The 5 Greatest Moments on Kendrick Lamar’s ‘DAMN.’
In 2017, hip-hop’s cup has runneth over with hot releases from high-profile artists like Future and Drake. The latest top-tier artist to return to the forefront is Kendrick Lamar, currently rap’s preeminent lyricist. With two years having passed since 2015s To Pimp a Butterfly, the anticipation surrounding his return was at a crescendo in late March, and it reached a fever pitch after Kendrick announced that he was gearing up to release a new album. While the details surrounding the album were sparse, the king from Compton was expected to present a body of work that was worth the wait, and Kendrick did not fail to deliver, turning in what is being hailed as one of the year’s best effort so far in DAMN.[/caption]
Comprised of 14 songs, DAMN. is a stark contrast from the vibe of Kendrick’s past studio albums, and finds the rapper charting new territory, a constant in his tenure as one of rap’s elite. An evocative look at his inner conflict and ever-changing spirituality, DAMN. finds Kendrick Lamar revealing bits and pieces of his past, present, and future; at times he’s at his most confrontational; but more often, this is Kendrick Lamar once again going inward. DAMN. continues Kendrick’s knack for dissecting his world through his own troubled spirit, and the album plays as a complete statement. Here are some of the most compelling moments from DAMN.
K.Dot goes for dolo throughout much of the album’s 14 tracks, here he teams up with rockers U2 (mostly via a distorted guest vocal from frontman Bono) who add a bit of melancholy to “XXX.” Opening with Bono droning “America, God bless ya if its good to ya,” things quickly shift into aggression. “Throw a steak off the ark to a pool full of sharks, he’ll take it/Leave him in the wilderness with a sworn nemesis, he’ll make it,” Kendrick raps over the snares before offering murderous advice to a friend whose child has been killed, during which the beat transitions into an intense soundscape, complete with police sirens and other guitars riffs. Produced by Anthony “Top Dawg” Tiffith, DJ Dahi, Sounwave & Mike WiLL Made-It.
“DNA” is an aggressive offering that sees Kendrick doling out a string of couplets that announce his arrival in grand fashion. Produced By Mike WiLL Made-It, the raucous number features Kendrick strutting: “I was born like this, since one like this, Immaculate conception/I transform like this, perform like this, was Yeshua’s new weapon. In the vein of past offerings like “Backseat Freestyle” and “Hood Politics,” “DNA.” sets the tone on DAMN. immediately.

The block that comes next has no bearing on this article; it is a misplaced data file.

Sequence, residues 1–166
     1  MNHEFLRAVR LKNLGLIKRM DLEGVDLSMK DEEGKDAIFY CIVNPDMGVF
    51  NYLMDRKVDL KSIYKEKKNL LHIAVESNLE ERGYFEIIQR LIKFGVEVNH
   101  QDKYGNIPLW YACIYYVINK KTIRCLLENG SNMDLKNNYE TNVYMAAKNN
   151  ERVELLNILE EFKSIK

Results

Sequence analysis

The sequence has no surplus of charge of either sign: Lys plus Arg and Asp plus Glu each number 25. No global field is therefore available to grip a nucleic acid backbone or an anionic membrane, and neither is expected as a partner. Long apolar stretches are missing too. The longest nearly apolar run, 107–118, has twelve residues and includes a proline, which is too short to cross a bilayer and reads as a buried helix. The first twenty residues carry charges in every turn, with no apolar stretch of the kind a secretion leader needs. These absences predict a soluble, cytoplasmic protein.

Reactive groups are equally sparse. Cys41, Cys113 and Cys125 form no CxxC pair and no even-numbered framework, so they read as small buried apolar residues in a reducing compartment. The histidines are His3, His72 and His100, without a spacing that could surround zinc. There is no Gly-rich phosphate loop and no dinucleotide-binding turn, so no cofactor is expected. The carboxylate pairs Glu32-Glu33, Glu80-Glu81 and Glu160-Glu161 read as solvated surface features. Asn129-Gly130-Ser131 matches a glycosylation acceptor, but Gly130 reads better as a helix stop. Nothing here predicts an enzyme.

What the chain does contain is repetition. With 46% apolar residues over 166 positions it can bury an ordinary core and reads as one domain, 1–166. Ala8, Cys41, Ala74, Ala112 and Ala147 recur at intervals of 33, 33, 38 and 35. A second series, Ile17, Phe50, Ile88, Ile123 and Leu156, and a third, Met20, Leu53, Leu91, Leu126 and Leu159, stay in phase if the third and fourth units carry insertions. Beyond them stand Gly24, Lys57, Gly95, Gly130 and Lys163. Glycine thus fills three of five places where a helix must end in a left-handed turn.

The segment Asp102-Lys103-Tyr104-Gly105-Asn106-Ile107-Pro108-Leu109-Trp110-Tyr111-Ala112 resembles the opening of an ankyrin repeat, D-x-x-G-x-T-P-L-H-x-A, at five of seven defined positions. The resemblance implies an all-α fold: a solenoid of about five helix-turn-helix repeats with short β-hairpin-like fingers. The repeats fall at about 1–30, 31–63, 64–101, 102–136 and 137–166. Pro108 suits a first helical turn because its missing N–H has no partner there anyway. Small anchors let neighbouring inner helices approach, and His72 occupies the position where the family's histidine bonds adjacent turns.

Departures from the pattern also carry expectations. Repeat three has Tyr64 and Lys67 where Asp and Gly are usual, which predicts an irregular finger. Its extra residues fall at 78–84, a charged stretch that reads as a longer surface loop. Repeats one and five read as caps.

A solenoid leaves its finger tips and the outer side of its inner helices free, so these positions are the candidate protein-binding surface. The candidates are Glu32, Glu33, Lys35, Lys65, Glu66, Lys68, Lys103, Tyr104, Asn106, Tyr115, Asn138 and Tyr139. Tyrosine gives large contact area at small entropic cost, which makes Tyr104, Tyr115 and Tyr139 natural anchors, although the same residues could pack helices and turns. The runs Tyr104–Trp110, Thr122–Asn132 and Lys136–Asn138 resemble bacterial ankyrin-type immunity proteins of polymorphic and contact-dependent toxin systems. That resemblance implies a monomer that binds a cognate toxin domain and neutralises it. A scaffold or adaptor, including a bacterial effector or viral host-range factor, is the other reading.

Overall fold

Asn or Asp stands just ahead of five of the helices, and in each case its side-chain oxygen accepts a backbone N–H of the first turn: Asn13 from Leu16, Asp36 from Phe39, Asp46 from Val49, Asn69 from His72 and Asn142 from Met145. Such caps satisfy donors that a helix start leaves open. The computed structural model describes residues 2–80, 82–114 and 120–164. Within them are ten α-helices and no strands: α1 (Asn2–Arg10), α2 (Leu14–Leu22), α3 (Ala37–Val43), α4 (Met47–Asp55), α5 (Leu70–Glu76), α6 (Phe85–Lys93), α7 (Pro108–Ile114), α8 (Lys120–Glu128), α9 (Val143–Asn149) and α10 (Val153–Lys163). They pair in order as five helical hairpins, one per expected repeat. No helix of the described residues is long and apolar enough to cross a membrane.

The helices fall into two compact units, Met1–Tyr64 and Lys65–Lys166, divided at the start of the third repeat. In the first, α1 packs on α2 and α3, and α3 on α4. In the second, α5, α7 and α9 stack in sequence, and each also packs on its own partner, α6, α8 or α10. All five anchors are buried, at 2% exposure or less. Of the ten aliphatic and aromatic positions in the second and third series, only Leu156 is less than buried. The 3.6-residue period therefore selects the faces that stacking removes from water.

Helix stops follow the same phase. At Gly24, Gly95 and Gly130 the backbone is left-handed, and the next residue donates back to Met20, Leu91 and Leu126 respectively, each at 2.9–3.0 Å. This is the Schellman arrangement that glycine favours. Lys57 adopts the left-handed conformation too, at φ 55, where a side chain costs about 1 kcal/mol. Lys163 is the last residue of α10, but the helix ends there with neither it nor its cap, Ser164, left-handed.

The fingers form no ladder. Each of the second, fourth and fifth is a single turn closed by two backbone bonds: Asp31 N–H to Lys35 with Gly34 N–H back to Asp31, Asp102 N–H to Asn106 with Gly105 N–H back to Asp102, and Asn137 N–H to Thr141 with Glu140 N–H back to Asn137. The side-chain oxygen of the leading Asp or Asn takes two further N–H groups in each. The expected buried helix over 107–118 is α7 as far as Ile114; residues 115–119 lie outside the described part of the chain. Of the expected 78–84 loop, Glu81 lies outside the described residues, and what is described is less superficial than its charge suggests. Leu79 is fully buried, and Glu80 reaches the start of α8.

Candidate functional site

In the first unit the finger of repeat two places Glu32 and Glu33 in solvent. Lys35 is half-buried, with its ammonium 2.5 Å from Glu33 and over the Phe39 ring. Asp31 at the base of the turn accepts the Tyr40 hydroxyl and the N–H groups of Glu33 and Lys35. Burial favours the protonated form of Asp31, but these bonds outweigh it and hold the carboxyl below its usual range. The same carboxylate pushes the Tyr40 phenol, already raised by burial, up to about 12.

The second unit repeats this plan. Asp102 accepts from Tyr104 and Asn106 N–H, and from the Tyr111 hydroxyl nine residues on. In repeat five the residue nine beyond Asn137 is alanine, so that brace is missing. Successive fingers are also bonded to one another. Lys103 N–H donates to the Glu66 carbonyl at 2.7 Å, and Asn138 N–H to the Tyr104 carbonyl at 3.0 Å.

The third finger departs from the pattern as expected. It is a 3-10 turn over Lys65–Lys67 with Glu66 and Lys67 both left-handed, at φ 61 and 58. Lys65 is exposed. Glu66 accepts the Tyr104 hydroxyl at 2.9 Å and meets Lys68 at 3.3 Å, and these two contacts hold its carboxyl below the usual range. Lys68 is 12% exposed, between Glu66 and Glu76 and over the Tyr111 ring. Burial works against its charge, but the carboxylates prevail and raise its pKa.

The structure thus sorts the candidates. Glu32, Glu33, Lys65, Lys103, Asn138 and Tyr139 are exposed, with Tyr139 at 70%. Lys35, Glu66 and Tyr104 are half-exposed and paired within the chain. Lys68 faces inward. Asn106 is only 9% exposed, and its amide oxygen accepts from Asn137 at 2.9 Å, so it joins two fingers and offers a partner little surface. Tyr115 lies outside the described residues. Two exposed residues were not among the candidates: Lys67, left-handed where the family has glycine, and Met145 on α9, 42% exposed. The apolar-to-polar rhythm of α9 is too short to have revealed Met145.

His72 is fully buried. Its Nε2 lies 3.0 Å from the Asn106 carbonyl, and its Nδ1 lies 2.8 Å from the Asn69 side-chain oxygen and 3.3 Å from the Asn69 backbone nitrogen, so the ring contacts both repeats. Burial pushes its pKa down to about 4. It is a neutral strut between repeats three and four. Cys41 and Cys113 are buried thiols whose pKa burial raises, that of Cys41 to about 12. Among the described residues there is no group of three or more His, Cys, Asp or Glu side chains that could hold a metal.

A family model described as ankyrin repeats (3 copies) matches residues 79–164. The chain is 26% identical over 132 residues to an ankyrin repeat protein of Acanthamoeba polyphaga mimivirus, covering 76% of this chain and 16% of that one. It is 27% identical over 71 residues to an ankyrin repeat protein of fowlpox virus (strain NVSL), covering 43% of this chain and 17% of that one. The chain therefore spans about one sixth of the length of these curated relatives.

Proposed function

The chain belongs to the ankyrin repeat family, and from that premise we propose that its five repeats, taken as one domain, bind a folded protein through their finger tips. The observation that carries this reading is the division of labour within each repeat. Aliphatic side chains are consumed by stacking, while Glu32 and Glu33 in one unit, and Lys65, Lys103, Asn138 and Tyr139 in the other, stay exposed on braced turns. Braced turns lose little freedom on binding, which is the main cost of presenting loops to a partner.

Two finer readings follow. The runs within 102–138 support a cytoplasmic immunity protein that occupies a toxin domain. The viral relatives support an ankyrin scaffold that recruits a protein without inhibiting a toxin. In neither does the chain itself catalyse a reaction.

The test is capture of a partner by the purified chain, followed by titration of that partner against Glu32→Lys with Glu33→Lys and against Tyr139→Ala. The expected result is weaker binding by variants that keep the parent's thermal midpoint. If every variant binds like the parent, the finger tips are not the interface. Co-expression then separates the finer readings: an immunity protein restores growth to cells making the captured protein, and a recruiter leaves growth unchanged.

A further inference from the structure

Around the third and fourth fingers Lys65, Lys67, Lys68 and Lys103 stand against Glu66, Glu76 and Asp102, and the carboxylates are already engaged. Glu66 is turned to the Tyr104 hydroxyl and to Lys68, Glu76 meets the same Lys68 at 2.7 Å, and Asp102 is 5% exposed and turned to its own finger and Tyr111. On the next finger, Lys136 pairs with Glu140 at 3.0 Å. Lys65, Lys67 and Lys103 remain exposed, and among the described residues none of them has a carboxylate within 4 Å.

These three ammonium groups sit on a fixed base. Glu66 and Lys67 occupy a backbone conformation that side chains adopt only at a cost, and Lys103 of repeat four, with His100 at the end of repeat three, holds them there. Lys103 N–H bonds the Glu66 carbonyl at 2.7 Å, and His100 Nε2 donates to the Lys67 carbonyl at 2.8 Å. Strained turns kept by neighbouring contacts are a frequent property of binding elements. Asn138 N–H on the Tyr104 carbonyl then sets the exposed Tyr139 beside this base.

Among the heavier tunes on DAMN. is “FEEL,” a song that finds the rapper coming face to face with his fears and the man in the mirror. Produced By Sounwave, this sample-based standout is filled with poignant admissions from the TDE franchise player, with boastful musings peppered in between, and plays to the terse lyricist’s strength of political prowess. Rhyming “I feel like a chip on my shoulders/I feel like I’m losin’ my focus/I feel like I’m losin’ my patience/I feel like my thoughts in the basement” and lamenting his lack of spiritual and emotional support, Kendrick Lamar is in a state of isolation.
Th groovy stylings of Steve Lacy on bass compliments Kendrick Lamar’s drowsy delivery on “PRIDE.,” one of the more sonically ambitious soundscapes on DAMN. Produced by Bēkon, Anthony “Top Dawg” Tiffith & Steve Lacy, “PRIDE.” taps into the funky sensibilities that dominated To Pimp a Butterfly, but remains unique in its own right, and is a sneakily addictive outing on DAMN.
When Kendrick Lamar released “The Heart Pt. 4,” many wondered where the beat from the second portion of the song had originated from and whether or not it would be included on his album. It turns out that those hopes have proven to be true, as the instrumental is the same on that kicks off “FEAR.,” arguably the pinnacle of King Kendrick’s long-awaited follow up to To Pimp a Butterfly. Produced By The Alchemist, “FEAR.” is a layered standout that includes several revelations pertaining to Kendrick’s personal life, ranging from childhood memories to recent concerns that run rampant in his mind. A testament to the good kid from Compton’s brilliance, “FEAR.” is a tutorial in vivid imagery and overall excellence, in general.